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You said it: Offshore outsourcing

Either by e-mail or in our Sound Off forums, you've told us how you feel when it comes to the debate over offshore outsourcing.

The offshore outsourcing debate has become more heated than ever, and recently asked readers to sound off on the subject. Many of those who responded said that offshore outsourcing is about corporate greed. Others, on the other hand, say that the practice will help the United States remain a strong competitor in the global marketplace. And some, whether they agree with the practice or not, believe that offshore outsourcing is here to stay and that we have to work with it. The following is a sampling of readers' opinions.

Yes, offshore outsourcing is unpatriotic, but so is shopping at Wal-Mart, buying Toyotas and not voting. Now, when the government starts doing it, it is only a reflection of our aggregate stupidity! Let's keep up the good work and applaud IBM, Sun, and HP-Compaq for doing whatever it takes to meet the earnings expectations, and [thank] our local, state and federal governments for giving our tax dollars to everyone but us. -- hadrian

Outsourcing is here to stay. Regardless of whether you like it ... it's part of the inevitable globalization trend. -- Americanguy101

The U.S. IT [industry] is already outsourced. If you don't know that, go to any software company and just look around…That horse, my friend, left the barn [a] long time ago. -- selaed

Technology is the backbone of our economy and security. These are not jobs making something (cars, blue jeans, tennis shoes, etc.). These are the jobs that enable and maintain all other jobs, as well as the creation of new products and technologies that will be the basis for our economy in the future. These are also the jobs that control our military defenses. Clearly, these [jobs] need to be protected on the grounds of safety and ensuring our economic security. This is not protectionism; it is just plain common sense. -- Illumina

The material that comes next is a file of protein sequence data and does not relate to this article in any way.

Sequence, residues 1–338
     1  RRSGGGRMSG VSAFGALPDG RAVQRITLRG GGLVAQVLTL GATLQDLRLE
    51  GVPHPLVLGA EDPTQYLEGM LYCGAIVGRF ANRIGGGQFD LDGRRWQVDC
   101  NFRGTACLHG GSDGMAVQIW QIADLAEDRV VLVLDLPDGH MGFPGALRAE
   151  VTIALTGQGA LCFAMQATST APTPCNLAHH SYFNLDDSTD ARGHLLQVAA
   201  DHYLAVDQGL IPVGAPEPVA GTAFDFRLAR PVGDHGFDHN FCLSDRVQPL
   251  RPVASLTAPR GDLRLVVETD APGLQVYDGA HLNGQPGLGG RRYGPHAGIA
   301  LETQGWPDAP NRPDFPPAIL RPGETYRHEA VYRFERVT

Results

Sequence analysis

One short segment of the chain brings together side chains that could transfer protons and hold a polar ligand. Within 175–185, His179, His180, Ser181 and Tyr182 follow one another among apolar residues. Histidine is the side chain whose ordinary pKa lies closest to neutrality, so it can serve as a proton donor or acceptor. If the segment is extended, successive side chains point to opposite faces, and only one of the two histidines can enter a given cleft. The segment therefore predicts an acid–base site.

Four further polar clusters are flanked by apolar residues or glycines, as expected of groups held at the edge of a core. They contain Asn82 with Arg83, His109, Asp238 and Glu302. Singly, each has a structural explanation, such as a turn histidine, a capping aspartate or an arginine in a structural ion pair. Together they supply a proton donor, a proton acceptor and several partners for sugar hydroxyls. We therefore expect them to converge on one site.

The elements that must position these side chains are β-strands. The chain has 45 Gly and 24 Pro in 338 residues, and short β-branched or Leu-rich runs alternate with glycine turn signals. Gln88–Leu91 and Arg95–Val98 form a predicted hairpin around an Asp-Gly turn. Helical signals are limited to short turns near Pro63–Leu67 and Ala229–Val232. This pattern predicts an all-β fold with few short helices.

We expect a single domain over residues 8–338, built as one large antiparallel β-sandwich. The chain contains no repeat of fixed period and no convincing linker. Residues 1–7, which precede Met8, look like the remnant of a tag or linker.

Outsourcing IT is a natural evolution, just as it was for manufacturing and textiles. Once something becomes a commodity, it becomes a target for low-cost production. Is globalization unpatriotic? Isolationist behavior is always detrimental in the long run. Only through trade can value be produced. Some IT workers are facing the same problems other trades have suffered. The current skill is no longer required at the previous price point. As such, sources for cheaper labor will always be sought, which puts pressure on the current provider. Should customers change suppliers? The anti-outsourcing attitude would say 'no!' since a business loss of a customer could put them out of business. However, customers will always go to the provider that provides the best service for the least cost. Same principle applies to outsourcing IT. -- salyardsk

If you can really do it cheaper offshore, it makes perfect sense to do it offshore, and American companies should be free to do it. Even if it isn't cheaper, they should be free to try. But there's the rub. It may be cheaper to offshore outsource the writing of drivers, dlls and low-level utilities. However, non-technology companies that outsource business application development won't find it any cheaper. They'll shift costs to spec writing and quality control. The recycle costs will be enormous. It takes multiple third-world programmers and American managers to rival one super programmer analyst with the latest 4GL tools and integrated systems. And beware of security problems. -- CorwinSlack